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"Some people are understandably wary or resistant to such ideas, concerned that they could lead to a potential erosion of local and national traditions, reawaken colonial exploitation and appropriation, or simply lead to a general cultural homogenisation. These are rational concerns that should not be dismissed, but history equally shows that when cultures come together in respectful collaboration new cultures are born, as demonstrated with musical styles such as tango, flamenco, and jazz, and with cities such as Cordoba, Rio de Janeiro, New Orleans, London, and New York."

I keep thinking about this recently. It's difficult to argue that many of the amazing artforms we have today have come about through the collission of different musical styles that have evolved in different cultures. But is it possible that this is a kind of 'consuming' activity? Many cultures have emerged through long periods of (relative) separation from the rest of the world. The cultural prosperity that can happen when they meet happens once, but both cultures are permanently changed. As globalisation and the internet have accelerated this process, are we just arriving into a singular culture and there will be no more opportunities for this?

Forgive the analogy, but it makes me think of privatisation of state assets. It brings a boost of cash to the government so may seem like good economic policy, but it's ultimately cashing in on the investments of past generations, and it's difficult to go back from.

Right now, the debate on cultural appropriation seems much stronger than it did a few years ago. I imagine many (good and bad) reasons for this, but one of them is perhaps a sense of having mingled all the cultures together to a point where there's less space for new niches to breathe.

By the way, I definitely don't mean this a critique of joining cultures. I think it's an amazing thing to do. I just wonder if at a macro-level it's a one-way process heading towards some kind of asymptote.

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This is a very important point, and well made.

I think there are different ways cultures can interact: some are symbiotic, others exploitative. When interactions are symbiotic I think ideas multiply. An example - which I plan to write about - is the ethnomusicologist Colin MacPhee's work in Bali. Without his work I don't think Steve Reich could have written Music for 18 Musicians, which as a composition strikes me as an expansion and branching out of the western classical tradition, rather than an irrevocable rupture or change. Interestingly, the same research by MacPhee has also been used by musicians in Bali to help preserve their culture, as it provided a helpful snapshot of the music on the island at that point. In this situation the same work helped innovation in one culture, and conservation in another.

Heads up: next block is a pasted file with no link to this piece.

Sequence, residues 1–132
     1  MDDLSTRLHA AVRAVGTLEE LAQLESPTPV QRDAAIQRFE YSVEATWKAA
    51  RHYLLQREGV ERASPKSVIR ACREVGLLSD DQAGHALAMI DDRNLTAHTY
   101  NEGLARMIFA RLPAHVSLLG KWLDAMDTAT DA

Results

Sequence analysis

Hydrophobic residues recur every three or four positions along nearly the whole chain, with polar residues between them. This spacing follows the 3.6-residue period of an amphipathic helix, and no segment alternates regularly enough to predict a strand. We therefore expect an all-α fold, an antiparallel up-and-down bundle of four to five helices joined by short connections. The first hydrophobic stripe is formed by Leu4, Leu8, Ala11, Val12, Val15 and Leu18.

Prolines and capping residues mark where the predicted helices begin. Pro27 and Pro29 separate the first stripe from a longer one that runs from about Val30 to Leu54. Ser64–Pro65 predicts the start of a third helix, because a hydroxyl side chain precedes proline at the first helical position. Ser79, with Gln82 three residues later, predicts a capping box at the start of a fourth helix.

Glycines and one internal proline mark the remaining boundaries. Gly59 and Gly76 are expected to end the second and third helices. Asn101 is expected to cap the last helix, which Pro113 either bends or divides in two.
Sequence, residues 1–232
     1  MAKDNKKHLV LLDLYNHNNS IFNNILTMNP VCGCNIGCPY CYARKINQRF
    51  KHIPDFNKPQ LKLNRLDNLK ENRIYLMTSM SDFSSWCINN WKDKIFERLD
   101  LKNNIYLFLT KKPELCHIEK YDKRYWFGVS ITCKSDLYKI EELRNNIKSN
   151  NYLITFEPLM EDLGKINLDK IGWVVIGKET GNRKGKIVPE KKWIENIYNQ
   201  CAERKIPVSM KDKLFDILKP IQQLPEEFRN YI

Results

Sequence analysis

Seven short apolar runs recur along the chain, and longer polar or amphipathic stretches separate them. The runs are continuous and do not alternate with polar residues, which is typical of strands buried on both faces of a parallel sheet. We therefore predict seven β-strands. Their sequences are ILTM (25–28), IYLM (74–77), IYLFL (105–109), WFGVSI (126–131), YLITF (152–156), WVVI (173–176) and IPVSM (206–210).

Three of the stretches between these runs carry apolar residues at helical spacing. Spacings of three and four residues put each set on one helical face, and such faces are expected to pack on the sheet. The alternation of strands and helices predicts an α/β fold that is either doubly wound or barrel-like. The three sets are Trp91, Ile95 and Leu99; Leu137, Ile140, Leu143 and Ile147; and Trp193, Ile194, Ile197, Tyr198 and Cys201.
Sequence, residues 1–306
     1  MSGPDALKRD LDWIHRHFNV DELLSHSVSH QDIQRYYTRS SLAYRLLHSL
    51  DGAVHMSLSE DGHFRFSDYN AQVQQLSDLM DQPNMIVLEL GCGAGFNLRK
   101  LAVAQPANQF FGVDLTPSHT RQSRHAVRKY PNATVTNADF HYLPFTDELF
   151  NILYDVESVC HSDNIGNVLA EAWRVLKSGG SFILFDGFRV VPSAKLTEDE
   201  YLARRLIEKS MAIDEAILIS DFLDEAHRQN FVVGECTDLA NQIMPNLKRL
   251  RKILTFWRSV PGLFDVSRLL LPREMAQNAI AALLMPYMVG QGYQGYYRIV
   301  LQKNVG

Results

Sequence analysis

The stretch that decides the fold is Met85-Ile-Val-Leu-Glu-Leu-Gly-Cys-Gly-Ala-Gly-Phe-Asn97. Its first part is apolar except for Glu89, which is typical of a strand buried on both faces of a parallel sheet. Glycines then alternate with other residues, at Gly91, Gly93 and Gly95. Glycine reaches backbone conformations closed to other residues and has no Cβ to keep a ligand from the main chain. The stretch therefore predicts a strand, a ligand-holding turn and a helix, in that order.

Another interesting example of innovation is the absorption of western instruments into Carnatic music by virtuosos musicians (something curiously that has not happened to nearly the same extent in the west). Carnatic musicians have innovated entirely new ways of holding the violin, new techniques for playing, as well as new repertoire. The same is true for South Indian saxophonist Kadri Gopalnath, who created a unique way of playing the sax. With these examples I don't really perceive a mixing as much as a branching out, which could conceivably continue to expand or multiply. A bit like chemistry, by bonding elements you don't just get a bland mix, but can find entirely new chemicals with unique properties. The violin played in a western classical style still exists, but now there is also a new one, and that could possible lead to another.

Where I think homogenisation happens is in corporate, mass culture, with the world using increasingly few platforms e.g., TikTok, Youtube, Spotify etc... With music software that has implicit biases towards certain cultural approaches to music making, and also now with AI opening the door to homogenisation and appropriation, as millions of people use the same programs trained on the same data sets, with just different prompts.

The antidote to this I think is strong local live music scenes, combined with the internationalist approach I have outlined in the article. With ideas, unlike objects, when you share them you don't lose them. That's the multiplying aspect. However, of course this has to happen within healthy, symbiotic relationships, between both nations and individuals. Not easy, but the ISS is a good example of people meeting that challenge.

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